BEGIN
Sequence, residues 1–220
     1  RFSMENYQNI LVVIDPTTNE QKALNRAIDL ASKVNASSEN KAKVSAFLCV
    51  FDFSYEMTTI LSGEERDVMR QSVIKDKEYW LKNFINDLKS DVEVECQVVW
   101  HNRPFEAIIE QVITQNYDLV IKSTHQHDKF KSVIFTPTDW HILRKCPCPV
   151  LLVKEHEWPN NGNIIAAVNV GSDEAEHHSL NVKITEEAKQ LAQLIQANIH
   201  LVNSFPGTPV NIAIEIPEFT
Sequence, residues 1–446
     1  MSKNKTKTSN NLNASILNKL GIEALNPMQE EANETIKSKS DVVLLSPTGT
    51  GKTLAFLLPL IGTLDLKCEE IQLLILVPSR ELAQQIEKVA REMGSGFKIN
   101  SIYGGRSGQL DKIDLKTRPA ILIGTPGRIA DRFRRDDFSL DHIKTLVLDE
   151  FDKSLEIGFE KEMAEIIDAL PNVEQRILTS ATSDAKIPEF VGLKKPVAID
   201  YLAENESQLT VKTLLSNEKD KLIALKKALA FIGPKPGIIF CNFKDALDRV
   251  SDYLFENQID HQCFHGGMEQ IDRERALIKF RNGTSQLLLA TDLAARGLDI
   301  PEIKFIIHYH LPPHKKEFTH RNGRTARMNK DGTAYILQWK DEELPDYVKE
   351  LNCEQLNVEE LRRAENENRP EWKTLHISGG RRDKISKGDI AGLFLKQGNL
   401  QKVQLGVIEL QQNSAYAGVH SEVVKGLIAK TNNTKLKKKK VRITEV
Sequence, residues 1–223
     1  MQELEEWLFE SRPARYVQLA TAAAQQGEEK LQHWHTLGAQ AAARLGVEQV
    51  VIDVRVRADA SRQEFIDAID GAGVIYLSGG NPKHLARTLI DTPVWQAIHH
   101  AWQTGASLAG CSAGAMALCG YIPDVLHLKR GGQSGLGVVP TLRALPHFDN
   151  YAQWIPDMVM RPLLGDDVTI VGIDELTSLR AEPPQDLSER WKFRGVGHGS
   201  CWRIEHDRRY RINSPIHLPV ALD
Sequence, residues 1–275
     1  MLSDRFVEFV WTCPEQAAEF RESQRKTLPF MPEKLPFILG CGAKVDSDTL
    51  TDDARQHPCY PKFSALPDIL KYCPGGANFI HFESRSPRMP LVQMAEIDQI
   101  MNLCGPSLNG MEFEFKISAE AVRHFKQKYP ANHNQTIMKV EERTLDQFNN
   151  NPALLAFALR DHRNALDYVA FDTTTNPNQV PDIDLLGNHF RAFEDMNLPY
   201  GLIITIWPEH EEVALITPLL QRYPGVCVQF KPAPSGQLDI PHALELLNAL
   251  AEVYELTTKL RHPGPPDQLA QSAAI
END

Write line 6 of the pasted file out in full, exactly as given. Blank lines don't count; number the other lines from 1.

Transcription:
   201  LVNSFPGTPV NIAIEIPEFT